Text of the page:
I found he had done nothing deserving of death, but because he made his appeal to the Emperor I decided to send him to Rome.
"But I found that he had committed nothing worthy of death; and since he himself appealed to the Emperor, I decided to send him.
But in my opinion he has done nothing worthy of death. However, he appealed his case to the emperor, and I decided to send him.
I looked into it and decided that he had committed no crime. He requested a trial before Caesar and I agreed to send him to Rome.
But, in my opinion, there is no cause of death in him, and as he himself has made a request to be judged by Caesar, I have said that I would send him.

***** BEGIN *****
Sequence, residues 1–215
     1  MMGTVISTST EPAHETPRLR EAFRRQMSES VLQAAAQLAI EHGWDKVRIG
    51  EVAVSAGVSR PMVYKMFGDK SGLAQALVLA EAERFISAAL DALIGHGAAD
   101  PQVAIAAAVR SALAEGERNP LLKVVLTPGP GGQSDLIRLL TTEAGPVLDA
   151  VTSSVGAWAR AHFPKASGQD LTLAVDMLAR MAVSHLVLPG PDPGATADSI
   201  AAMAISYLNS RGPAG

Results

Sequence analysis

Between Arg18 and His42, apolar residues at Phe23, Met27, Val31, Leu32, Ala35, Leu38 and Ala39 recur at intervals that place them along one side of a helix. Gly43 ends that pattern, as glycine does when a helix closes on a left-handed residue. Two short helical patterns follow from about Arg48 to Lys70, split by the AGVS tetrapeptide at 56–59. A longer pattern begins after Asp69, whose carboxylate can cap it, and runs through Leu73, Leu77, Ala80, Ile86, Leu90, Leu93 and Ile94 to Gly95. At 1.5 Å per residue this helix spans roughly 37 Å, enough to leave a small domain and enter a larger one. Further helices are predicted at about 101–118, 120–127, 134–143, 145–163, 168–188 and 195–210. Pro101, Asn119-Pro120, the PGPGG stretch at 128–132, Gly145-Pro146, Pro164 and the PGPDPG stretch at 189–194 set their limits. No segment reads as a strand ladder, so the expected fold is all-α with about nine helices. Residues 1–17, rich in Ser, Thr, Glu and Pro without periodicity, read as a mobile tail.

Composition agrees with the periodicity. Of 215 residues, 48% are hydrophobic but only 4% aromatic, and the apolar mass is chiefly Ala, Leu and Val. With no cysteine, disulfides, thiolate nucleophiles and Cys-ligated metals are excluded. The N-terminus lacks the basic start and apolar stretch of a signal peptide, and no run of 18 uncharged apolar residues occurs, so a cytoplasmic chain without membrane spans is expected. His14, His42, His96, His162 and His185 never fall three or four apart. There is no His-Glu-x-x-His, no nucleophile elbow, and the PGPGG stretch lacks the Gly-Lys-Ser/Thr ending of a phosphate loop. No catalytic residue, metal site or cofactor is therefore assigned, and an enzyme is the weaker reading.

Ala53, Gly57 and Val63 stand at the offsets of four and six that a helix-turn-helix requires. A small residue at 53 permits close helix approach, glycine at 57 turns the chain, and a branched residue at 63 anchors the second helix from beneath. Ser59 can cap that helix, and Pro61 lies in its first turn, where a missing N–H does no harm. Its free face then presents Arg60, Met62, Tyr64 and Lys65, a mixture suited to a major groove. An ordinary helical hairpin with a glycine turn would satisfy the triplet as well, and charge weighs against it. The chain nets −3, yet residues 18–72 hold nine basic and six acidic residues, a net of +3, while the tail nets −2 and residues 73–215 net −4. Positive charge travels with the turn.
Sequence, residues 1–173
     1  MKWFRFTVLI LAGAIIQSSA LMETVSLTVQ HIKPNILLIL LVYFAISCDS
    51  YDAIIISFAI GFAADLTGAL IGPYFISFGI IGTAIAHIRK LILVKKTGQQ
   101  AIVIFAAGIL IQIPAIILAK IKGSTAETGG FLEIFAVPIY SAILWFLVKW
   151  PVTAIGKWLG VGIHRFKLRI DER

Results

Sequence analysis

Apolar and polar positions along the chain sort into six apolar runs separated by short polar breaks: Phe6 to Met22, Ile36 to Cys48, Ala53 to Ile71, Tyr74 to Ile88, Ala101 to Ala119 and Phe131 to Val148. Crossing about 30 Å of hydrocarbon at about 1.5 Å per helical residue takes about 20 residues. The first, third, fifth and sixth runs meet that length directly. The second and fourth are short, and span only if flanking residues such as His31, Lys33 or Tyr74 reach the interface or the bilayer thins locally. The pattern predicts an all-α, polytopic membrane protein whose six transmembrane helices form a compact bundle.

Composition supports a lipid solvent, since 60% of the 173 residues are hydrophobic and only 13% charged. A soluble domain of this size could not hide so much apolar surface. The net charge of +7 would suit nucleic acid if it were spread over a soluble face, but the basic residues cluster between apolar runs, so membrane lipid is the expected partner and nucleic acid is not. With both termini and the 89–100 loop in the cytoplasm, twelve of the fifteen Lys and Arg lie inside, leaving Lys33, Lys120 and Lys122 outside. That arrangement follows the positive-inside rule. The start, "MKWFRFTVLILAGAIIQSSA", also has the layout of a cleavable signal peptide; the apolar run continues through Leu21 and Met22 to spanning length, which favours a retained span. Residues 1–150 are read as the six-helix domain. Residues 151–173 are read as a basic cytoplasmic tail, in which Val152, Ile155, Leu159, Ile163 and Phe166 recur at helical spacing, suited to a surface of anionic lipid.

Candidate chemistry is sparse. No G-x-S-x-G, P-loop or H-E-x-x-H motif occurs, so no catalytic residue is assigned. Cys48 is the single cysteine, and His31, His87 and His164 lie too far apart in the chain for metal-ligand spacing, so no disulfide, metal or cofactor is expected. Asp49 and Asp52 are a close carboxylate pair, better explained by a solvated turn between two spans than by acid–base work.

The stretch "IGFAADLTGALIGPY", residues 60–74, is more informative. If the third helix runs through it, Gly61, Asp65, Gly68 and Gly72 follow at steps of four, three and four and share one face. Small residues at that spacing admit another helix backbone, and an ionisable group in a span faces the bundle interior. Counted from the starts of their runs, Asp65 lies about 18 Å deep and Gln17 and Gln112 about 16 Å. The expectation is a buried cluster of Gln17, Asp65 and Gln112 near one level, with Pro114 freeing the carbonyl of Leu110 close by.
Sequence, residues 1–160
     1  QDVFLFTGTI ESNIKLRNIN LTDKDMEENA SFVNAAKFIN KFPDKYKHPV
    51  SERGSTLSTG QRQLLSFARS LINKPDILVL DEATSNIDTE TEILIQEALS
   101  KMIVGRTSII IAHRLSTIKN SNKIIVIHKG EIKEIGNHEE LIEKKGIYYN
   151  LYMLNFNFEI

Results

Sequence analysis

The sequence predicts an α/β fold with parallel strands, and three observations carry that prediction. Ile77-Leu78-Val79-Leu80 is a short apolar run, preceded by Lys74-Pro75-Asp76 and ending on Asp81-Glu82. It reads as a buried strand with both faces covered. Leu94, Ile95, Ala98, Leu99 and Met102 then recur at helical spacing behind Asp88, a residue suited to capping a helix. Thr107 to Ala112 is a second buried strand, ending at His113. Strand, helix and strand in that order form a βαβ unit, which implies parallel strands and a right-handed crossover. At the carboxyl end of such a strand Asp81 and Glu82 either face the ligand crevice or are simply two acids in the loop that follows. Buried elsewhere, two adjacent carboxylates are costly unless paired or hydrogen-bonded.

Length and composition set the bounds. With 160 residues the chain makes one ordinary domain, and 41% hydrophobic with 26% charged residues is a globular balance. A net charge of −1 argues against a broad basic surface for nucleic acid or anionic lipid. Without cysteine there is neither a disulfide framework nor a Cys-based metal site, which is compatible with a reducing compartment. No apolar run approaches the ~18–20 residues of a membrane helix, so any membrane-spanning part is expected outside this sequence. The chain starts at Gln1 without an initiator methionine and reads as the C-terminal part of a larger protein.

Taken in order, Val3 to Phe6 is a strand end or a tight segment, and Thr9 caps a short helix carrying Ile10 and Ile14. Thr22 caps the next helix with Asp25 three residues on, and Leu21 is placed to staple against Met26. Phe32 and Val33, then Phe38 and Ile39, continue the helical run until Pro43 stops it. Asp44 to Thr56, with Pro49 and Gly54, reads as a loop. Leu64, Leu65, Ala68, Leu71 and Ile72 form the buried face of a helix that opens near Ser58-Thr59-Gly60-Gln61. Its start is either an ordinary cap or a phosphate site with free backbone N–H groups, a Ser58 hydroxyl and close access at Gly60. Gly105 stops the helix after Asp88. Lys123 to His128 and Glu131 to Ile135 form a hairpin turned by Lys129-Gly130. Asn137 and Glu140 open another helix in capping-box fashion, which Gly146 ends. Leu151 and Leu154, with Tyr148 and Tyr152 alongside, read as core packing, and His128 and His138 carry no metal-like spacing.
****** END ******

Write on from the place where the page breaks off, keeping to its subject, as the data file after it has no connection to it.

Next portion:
But I found that he had done nothing deserving death; and when he appealed to his Imperial Majesty, I decided to send him.
"But when I found that he had committed nothing deserving of death, and that he himself had appealed to Augustus, I decided to send him.
|NET © [draft] ITL|
|NET © Notes||
1 sn He had done nothing that deserved death. Festus’ opinion of Paul’s guilt is like Pilate’s of Jesus (Luke 23:4, 14, 22).
2 tn The participle ἐπικαλεσαμένου (epikalesamenou) has been taken temporally. It could also be translated as causal: “and because he appealed…”
3 tn A designation of the Roman emperor (in this case, Nero). BDAG 917 s.v. σεβαστός states, “ὁ Σεβαστός His Majesty the Emperor Ac 25:21, 25 (of Nero).”
4 tn The word “him” is not in the Greek text, but is implied. Direct objects were often omitted in Greek when clear from the context, but must be supplied for the modern English reader.